Woolf, Virginia - “To the lighthouse"“To the lighthouse" is a well-known novel written by the English author Virginia Woolf.
The novel is a story full of feelings and passions, a silent invitation to a journey that is consumed in the expectation of the most suffered, of the final goal. The destiny of some foresees, anticipating it, another destination, the most obvious, the most natural. Life slips through the fingers, whether they write or paint, or simply move, so that they continue to make it the art of a poet, a painter, a simple woman who, sitting next to her son, window, knit.
This life is concentrated after 10 years to the goal, now reached, which is the Lighthouse, where it shows what it is: a continuous resistance to time that flows as you slide your fingers on a canvas or a blank sheet, a challenge to accept every epilogue, a painting to finish.
From the stylistic point of view, the novel is divided into three parts: "The window", "The flow of time", "The lighthouse".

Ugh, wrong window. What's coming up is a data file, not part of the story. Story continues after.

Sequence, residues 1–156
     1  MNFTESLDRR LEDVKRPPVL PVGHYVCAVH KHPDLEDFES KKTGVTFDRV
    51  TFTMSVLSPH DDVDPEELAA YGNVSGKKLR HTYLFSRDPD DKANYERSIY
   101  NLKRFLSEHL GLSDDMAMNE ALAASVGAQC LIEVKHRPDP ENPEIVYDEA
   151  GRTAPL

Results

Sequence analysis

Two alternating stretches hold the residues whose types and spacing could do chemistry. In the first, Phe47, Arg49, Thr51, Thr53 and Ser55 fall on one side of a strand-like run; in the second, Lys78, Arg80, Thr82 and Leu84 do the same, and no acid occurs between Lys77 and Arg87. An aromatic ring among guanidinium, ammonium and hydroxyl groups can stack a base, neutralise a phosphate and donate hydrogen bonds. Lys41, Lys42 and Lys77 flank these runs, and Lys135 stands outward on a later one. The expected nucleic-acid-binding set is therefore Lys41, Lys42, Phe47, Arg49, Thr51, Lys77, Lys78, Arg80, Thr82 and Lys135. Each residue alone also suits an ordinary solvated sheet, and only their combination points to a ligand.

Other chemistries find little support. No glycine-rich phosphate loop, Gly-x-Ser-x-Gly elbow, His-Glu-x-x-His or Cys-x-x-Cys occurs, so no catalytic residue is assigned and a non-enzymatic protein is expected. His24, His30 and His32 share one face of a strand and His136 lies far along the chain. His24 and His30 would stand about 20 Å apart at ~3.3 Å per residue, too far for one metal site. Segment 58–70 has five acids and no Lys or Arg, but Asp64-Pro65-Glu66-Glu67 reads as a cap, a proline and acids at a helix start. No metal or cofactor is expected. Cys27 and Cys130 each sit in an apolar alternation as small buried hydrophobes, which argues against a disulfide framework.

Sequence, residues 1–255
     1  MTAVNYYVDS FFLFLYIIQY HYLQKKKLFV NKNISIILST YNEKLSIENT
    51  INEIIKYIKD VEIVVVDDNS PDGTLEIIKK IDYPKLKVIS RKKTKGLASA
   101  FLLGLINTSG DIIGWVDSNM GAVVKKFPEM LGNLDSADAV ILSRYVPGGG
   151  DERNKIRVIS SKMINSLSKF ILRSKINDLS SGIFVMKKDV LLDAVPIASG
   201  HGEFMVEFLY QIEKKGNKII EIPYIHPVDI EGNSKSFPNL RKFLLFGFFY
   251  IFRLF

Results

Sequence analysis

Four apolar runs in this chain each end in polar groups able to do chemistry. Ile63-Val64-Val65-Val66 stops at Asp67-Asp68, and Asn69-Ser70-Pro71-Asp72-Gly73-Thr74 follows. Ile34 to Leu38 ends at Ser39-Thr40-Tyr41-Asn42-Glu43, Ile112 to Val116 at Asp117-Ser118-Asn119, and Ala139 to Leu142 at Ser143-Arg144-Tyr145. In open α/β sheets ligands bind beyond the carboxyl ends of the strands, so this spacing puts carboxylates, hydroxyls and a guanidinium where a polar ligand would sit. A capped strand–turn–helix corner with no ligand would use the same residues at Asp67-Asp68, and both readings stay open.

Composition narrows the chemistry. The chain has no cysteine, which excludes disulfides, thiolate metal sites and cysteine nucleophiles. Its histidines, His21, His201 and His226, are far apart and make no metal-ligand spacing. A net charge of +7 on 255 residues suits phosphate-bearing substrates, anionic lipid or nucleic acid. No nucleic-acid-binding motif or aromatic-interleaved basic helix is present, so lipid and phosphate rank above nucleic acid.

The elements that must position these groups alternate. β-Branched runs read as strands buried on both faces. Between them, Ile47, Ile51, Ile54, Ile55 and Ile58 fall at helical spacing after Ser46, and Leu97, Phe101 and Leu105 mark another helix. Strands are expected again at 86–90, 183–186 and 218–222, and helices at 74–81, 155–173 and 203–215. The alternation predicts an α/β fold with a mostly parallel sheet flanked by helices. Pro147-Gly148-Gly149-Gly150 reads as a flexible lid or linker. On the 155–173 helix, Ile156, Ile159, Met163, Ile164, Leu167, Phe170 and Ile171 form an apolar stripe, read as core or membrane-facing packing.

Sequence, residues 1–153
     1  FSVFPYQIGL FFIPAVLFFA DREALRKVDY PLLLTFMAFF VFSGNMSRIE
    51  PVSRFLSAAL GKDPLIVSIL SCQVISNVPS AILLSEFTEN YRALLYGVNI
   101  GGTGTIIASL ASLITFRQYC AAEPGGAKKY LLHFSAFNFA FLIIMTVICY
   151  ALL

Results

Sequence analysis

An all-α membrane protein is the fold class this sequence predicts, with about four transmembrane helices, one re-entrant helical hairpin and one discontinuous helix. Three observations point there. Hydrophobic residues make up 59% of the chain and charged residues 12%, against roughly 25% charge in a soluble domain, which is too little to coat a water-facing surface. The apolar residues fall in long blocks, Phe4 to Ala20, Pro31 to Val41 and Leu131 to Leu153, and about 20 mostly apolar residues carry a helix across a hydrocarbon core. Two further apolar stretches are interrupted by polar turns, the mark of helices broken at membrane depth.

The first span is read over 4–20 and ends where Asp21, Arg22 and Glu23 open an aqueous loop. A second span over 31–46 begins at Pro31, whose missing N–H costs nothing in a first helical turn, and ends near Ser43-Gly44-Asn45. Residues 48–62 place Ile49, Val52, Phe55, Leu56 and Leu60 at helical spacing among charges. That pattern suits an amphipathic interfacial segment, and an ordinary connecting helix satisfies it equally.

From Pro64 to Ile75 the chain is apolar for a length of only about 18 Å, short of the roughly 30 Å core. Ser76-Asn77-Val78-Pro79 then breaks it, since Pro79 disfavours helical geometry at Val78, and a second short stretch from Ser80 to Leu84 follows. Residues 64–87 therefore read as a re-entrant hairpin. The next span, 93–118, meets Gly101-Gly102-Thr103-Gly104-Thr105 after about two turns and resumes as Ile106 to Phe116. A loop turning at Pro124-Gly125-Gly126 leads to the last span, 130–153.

The plot concerns a trip denied, a trip set to close a range of possibilities, an unfinished imaginary, to summarize what you would like and what you have. We are inside a family, a man and a woman opposed by views, attitudes, sensibilities and yet complementary. Eight children. We are on holiday with them, close to a rock with lighthouse: the desired destination, dreamed but at the moment unreachable. We are with their guests, we catch their thoughts even if it is easy to get confused in the neuronal uncovering staged by the stream of consciousness technique. But we are mostly involved by her, the real protagonist, the family's lighthouse: Mrs Ramsey. His sudden, ineffable rat thought is lucidly created and represented in its becoming, its whirlwind envelops it, the mind upset. Returning those thoughts so intimate, so feminine, so sometimes gloomy and melancholy, is pure mastery. It's scary, even. How did Wolf represent this speed, this ineffability, this truth? Probably drawing from a reservoir of vivid sensibility, from his intellectual humus, from the incessant work of his sublime mind.